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The Ebola virus disease (EVD) outbreak response this past week continues to be hampered by insecurity. On 3 May in Katwa, a Safe and Dignified Burial (SDB) team was violently attacked following the completion of a burial for a deceased EVD case. In Butembo and surrounding health zones, response activities were repeatedly halted due to a number of serious security incidents taking place from 4-6 May. On 8 May, a group of over 50 armed militia infiltrated the city centre. Security forces repelled the attack following intense gunfire in close proximity to staff accommodations. Although activities resumed on 9 May, after almost five consecutive days of suspension, threats of further attacks against EVD response teams and facilities remain prevalent.

These security incidents, and especially the resultant lack of access to EVD affected communities, remain a major impediment to the response, with teams unable to perform robust surveillance nor deliver much needed treatment and immunisations. The ongoing violent attacks sow fear, perpetuate mistrust, and further compound the multitude of challenges already faced by frontline healthcare workers. Without commitment from all groups to cease these attacks, it is unlikely that this EVD outbreak can remain successfully contained in North Kivu and Ituri provinces.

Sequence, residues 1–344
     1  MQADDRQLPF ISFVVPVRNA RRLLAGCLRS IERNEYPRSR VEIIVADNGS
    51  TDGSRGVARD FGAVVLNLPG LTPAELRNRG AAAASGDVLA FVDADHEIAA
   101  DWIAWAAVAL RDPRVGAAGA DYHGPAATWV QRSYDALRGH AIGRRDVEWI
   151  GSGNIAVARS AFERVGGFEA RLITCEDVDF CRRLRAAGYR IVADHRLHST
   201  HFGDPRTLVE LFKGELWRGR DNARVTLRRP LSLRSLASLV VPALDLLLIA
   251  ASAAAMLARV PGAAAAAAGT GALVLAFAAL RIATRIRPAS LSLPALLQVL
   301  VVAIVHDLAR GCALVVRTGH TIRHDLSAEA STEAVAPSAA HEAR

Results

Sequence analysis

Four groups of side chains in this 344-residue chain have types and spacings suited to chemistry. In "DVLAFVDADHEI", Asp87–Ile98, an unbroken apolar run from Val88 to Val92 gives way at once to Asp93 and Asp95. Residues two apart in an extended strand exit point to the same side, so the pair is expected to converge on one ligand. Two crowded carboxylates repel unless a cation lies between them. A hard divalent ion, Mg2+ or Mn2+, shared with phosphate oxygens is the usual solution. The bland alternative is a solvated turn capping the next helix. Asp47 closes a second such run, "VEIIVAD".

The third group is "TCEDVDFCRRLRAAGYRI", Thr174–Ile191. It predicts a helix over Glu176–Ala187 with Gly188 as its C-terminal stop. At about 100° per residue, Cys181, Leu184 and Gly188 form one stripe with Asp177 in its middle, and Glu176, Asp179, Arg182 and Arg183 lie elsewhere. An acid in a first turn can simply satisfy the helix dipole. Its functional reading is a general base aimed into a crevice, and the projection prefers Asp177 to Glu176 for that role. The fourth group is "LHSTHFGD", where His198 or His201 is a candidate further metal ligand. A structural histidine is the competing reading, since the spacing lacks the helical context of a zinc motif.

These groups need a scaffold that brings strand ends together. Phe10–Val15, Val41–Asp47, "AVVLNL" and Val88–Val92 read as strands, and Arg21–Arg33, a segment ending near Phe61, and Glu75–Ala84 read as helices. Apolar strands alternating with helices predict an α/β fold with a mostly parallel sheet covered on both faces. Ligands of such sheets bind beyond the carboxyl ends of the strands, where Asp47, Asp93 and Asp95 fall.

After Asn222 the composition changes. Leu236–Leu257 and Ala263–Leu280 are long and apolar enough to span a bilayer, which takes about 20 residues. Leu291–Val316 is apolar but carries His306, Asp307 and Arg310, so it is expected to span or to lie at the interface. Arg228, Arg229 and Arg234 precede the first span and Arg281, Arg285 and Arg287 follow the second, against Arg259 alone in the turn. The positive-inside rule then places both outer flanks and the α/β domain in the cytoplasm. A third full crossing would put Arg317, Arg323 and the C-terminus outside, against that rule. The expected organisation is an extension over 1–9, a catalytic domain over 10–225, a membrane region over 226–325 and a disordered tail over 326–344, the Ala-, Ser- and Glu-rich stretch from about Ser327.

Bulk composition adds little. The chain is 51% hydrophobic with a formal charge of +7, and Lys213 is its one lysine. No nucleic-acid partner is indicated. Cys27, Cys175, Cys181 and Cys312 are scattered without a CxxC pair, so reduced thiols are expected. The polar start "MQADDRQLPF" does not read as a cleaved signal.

From 1 January through 30 April 2019, the Ministry of Health in Tunisia responded to a large measles outbreak in the country. A total of 3 141 suspected cases, of which 909 (28.9%) were laboratory confirmed and 1 236 (39.4 %) epidemiologically linked cases including 30 deaths (case fatality ratio=1.0 %), have been reported in all of the 24 governorates (range 1 – 1 274). The majority of cases were reported from Kasserine (1 274 cases) and Sfax (212 cases) governorates. In April 2019, four additional governorates were particularly affected with 155, 116, 93 and 69 cases reported from Kairouan, Tunis, Sousse and Nabeul respectively.

The two most affected age groups were those older than 15 years (31%) and infants between the age of 6 and 12 months (28%). The male: female ratio was 1.2. Eighty four percent of affected children between 1 and 5 years were not vaccinated. Death was reported in 30 cases ranging in age from 15 days to 41 years of age (median, 7.5 months).
Globally, between 2016 and 2017, the number of reported measles cases increased by 31%, while in the WHO Western Pacific Region (WPR), the total number of cases reported decreased by 82% during the same period. However, there was an increase in cases reported in WPR, from 11 118 in 2017 to 26 163 cases in 2018. A resurgence of measles cases has been seen in all WHO Regions. An unusually high number of cases reported from countries and areas of the WPR in 2019 have been reported from: 1) several countries/areas where measles has been eliminated due to importation-related outbreaks; and 2) endemic countries such as the Philippines which has ongoing measles outbreak. In WPR, currently nine countries and areas (Australia, Brunei Darussalam, Cambodia, Hong Kong SAR (China), Japan, Macao SAR (China), New Zealand, the Republic of Korea, and Singapore) are verified by the Regional Verification Commission for Measles Elimination as having interrupted endemic measles virus transmission for more than 36 months.